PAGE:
LONDON (Reuters) - British companies kept hiring staff last month after a brief lull around June's European Union membership referendum, but pay growth for temporary workers slowed, a monthly survey of recruitment agencies showed on Friday.

The Recruitment and Employment Confederation (REC) said businesses hired permanent staff last month at a similar rate to August after cutbacks in June and July, while a separate YouGov/Cebr survey of businesses showed a rebound in morale.

But pay rates for temporary staff rose at the slowest pace in more than three years, pointing to a risk that higher inflation could catch up with wage growth, the REC said.

"We hope the government will address this issue ... with fiscal stimulus. This should help to settle the nerves so that employers feel confident enough to keep hiring," REC policy director Tom Hadley said.

The REC also said Britain faced skill shortages and would continue to need workers from overseas in sectors such as engineering and healthcare.

"The business community must have a role in developing an immigration model that strikes the right balance," Hadley said.

Prime Minister Theresa May pledged earlier this week to curb migration from the EU. One of her ministers proposed requiring firms to state how many immigrants they employed and take steps to train more British staff.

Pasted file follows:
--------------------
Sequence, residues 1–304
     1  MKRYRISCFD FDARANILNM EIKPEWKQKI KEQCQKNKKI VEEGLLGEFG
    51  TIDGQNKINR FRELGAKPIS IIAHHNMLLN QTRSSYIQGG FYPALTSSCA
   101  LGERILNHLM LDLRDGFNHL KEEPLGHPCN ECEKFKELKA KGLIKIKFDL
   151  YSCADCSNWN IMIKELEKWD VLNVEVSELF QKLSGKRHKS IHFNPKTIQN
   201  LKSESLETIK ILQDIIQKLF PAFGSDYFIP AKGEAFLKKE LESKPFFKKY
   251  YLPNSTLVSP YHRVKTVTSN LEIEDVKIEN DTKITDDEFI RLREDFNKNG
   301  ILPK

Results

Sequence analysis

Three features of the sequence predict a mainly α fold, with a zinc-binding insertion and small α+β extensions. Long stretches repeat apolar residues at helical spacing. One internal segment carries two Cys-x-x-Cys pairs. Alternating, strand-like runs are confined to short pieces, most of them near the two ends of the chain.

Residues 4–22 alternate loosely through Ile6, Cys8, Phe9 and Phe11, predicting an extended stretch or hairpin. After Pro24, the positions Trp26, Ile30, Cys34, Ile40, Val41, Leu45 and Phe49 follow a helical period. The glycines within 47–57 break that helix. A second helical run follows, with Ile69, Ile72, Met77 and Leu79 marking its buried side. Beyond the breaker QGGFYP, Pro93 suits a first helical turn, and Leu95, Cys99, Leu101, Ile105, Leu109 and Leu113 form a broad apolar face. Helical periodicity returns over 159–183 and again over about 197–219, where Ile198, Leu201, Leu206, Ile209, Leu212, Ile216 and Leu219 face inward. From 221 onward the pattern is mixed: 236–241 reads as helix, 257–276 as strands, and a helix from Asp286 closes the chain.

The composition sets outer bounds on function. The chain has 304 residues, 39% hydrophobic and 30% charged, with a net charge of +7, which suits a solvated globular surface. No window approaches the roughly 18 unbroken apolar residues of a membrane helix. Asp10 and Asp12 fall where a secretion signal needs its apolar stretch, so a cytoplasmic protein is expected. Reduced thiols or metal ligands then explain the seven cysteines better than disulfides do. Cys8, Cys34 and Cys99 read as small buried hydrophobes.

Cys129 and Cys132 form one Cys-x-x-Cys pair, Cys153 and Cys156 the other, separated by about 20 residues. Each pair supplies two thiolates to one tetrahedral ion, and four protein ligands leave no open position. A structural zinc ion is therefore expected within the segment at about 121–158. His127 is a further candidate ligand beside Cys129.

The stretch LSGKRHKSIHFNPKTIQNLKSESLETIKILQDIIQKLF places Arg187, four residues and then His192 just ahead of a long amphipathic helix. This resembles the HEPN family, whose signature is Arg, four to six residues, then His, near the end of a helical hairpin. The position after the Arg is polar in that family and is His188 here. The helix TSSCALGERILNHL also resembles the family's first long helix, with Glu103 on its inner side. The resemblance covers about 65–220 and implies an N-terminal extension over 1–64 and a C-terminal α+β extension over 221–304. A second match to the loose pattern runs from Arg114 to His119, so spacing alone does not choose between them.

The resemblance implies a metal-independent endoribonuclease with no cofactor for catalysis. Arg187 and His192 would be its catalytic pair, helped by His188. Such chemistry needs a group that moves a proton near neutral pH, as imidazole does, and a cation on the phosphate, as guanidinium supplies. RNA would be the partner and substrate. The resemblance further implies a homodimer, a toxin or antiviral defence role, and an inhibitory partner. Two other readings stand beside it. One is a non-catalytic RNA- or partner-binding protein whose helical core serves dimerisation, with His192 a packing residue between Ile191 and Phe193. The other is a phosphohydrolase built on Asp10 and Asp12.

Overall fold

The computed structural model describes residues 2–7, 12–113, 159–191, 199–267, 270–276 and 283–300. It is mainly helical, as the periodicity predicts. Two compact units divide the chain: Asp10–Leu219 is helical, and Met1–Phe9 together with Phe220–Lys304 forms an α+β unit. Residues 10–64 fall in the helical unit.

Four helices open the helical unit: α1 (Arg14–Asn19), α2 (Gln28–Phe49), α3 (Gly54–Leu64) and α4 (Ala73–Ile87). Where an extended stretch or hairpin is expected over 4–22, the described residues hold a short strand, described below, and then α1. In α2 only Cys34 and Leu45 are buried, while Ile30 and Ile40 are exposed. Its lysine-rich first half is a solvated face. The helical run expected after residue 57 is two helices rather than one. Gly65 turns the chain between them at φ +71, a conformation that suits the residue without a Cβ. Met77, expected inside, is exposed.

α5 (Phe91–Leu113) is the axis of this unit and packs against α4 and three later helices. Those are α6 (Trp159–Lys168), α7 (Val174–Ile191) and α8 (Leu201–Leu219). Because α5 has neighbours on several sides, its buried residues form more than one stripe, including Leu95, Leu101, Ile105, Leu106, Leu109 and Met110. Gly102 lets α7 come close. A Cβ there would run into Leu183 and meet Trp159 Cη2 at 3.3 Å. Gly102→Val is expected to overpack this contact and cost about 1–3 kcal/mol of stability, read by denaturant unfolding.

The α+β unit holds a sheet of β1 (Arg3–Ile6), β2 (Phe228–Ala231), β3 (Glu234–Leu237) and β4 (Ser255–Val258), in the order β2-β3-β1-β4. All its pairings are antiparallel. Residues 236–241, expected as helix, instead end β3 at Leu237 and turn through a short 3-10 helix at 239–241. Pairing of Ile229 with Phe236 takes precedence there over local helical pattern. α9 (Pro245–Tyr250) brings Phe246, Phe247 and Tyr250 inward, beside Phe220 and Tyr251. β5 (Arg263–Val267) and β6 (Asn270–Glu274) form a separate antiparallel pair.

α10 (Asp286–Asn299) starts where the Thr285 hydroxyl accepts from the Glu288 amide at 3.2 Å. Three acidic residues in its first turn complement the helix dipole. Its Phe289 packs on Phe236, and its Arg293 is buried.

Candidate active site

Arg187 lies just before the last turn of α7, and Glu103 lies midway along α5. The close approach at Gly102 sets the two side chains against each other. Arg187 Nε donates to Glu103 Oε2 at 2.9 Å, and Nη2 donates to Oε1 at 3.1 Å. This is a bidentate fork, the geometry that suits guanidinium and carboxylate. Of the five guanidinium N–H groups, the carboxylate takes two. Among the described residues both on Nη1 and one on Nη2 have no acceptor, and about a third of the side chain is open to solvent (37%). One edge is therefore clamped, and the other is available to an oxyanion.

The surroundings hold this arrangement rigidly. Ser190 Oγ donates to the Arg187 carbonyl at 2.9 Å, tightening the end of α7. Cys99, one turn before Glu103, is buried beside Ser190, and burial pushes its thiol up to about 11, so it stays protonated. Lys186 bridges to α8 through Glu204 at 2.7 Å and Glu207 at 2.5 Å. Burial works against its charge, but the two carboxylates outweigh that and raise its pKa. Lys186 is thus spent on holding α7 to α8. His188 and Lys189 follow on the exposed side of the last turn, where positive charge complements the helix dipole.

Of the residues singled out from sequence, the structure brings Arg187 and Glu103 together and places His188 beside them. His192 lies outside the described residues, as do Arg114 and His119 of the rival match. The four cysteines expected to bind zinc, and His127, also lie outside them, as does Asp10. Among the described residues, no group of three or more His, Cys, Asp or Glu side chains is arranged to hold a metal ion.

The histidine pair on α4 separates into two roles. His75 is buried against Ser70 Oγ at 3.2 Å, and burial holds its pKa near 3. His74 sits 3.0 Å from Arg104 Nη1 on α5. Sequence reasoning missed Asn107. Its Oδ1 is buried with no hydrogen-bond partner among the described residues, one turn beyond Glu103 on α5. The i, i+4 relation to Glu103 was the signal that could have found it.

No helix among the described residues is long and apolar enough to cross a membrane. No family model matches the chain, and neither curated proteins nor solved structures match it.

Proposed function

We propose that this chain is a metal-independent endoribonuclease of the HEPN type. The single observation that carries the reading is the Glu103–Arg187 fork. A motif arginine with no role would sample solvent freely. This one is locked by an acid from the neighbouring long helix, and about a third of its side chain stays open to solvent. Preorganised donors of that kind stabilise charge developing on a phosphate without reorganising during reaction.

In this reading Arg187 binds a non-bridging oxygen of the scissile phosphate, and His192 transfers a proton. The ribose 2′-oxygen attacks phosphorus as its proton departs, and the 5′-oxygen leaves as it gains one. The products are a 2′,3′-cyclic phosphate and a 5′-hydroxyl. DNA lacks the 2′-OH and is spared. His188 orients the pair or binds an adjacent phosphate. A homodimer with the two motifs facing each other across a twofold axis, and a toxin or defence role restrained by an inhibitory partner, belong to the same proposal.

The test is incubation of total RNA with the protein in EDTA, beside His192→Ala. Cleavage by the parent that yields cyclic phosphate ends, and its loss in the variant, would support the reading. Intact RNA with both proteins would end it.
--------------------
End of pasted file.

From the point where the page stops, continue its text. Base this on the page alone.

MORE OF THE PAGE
A monthly survey by polling company YouGov and economics consultancy Cebr showed business sentiment had returned to the level seen in May and June, after a sharp fall in July and a partial recovery in August.

YouGov's Stephen Harmston said sentiment could deteriorate once businesses had taken on board May's emphasis on curbing EU migration in her speech at this week's Conservative Party conference, rather than on maintaining full access to the bloc's single market.

"We will have to wait to see whether the rebound in confidence is itself hard and resilient to such talk or whether it is soft and causes another spasm of panic among organizations," Harmston said.

"Whichever it is, these figures could well represent the end of the pre-Brexit honeymoon period," he added.

The YouGov/Cebr poll of 500 'business decision makers' took place between Sept. 15 and Sept. 23.

(Reporting by David Milliken; Editing by Hugh Lawson)